As a former and in all likelihood future peace activist, it’s not difficult for me to wrap my head around the connection between peace and protection of the environment. For one thing, a society confronting or preparing for organized state violence is generally not able to focus much attention on less immediately pressing matters like reducing its greenhouse gas emissions. Think, for instance, of the Palestinians in the West Bank and Gaza, for whom life under the continuous violence and humiliation imposed by the Israeli occupation of their land is enormously difficult. How much attention can anyone be expected to pay to the relatively long-term problem of climate change when daily life is an endless struggle? Think also of the Israelis, who put a great amount of energy into keeping the Palestinians under their control. They also have little time and attention left over for dealing with climate change.

Part of the reason that Fort Collins, other communities in Colorado, and the State government itself have been able to make at least some progress in addressing climate change is that we are not living under military occupation, and are not at a significant risk of being attacked militarily. We have the space, the time, and the resources to at least contemplate doing something about the climate crisis.

President Dwight D. Eisenhower recognized the ways in which war and preparations for war limit social development and justice eloquently in what is often referred to as his “cross of iron” speech. I want to quote from that speech and then put it in the context of the climate crisis that we are facing today.

In 1953, Eisenhower said, “Every gun that is made, every warship launched, every rocket fired signifies, in the final sense, a theft from those who hunger and are not fed, those who are cold and are not clothed. This world in arms is not spending money alone. It is spending the sweat of its laborers, the genius of its scientists, [and] the hopes of its children.”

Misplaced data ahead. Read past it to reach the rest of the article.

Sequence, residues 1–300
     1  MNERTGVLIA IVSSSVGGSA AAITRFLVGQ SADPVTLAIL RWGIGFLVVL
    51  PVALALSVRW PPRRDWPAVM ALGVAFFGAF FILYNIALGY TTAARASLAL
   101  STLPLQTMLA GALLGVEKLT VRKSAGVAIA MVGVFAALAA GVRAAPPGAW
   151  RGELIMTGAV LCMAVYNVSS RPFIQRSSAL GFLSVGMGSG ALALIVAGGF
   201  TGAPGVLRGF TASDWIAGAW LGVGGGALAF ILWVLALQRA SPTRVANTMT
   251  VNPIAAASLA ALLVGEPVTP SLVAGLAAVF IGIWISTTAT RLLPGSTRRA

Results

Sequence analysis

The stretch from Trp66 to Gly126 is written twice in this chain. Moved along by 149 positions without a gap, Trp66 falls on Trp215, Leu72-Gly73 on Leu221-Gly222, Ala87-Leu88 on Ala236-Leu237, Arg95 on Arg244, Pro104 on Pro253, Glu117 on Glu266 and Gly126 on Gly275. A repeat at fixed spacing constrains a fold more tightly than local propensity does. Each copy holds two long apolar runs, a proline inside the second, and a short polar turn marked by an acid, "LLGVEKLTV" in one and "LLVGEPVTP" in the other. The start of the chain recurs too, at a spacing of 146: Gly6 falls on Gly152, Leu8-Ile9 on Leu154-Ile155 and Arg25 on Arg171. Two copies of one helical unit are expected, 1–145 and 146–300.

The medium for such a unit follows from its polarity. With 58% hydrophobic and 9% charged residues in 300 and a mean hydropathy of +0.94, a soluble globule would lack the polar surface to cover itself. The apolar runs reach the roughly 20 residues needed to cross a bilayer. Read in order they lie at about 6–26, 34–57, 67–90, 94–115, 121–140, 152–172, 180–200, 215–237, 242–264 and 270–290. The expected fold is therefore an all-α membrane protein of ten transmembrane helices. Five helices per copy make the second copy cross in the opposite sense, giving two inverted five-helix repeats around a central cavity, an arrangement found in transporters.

Eisenhower then went on to compare the cost of various pieces of military hardware to other things that governments provide, such as hospitals, schools, roads, and power plants. Updating that approach, we could compare the cost of modern military equipment to the cost of wind turbines, solar panels, homes insulated, and trees planted. A comprehensive Green New Deal is anticipated to cost in the neighborhood of 1.0 to 1.5 Trillion dollars per year. Military spending costs us around $750 Billion per year, or 50% to 75% of Green New Deal costs. Imagine diverting even half of the military budget to the Green New Deal. That’d be a whole lot of new windmills!

Eisenhower concluded his speech as follows: “This is not a way of life at all, in any true sense. Under the cloud of threatening war, it is humanity hanging from a cross of iron.” The stakes now are even higher than they were back then. In the 1950s and ever since, we have been able to avoid the calamity of nuclear war. But we shall not be able to avoid the calamity of climate breakdown in the coming decades if we do not begin to act decisively now to wean ourselves off fossil fuels entirely and reduce all of our greenhouse gas emissions to net zero in the next 15 to 20 years.

Many other nations also spend quite extravagantly on their militaries. However, the U.S. spends nearly as much on its military as all other nations combined. Given the dire threat that climate change poses to all nations, we need to reduce our collective military spending dramatically and pool our resources in order to achieve both the emissions reduction goals that are needed and to make our societies more resilient so that we can survive the climate change impacts that we already know are coming. It is at last time to heed the words of Martin Luther King, Jr., who said over 50 years ago that “We must learn to live together as brothers [and sisters] or perish together as fools.”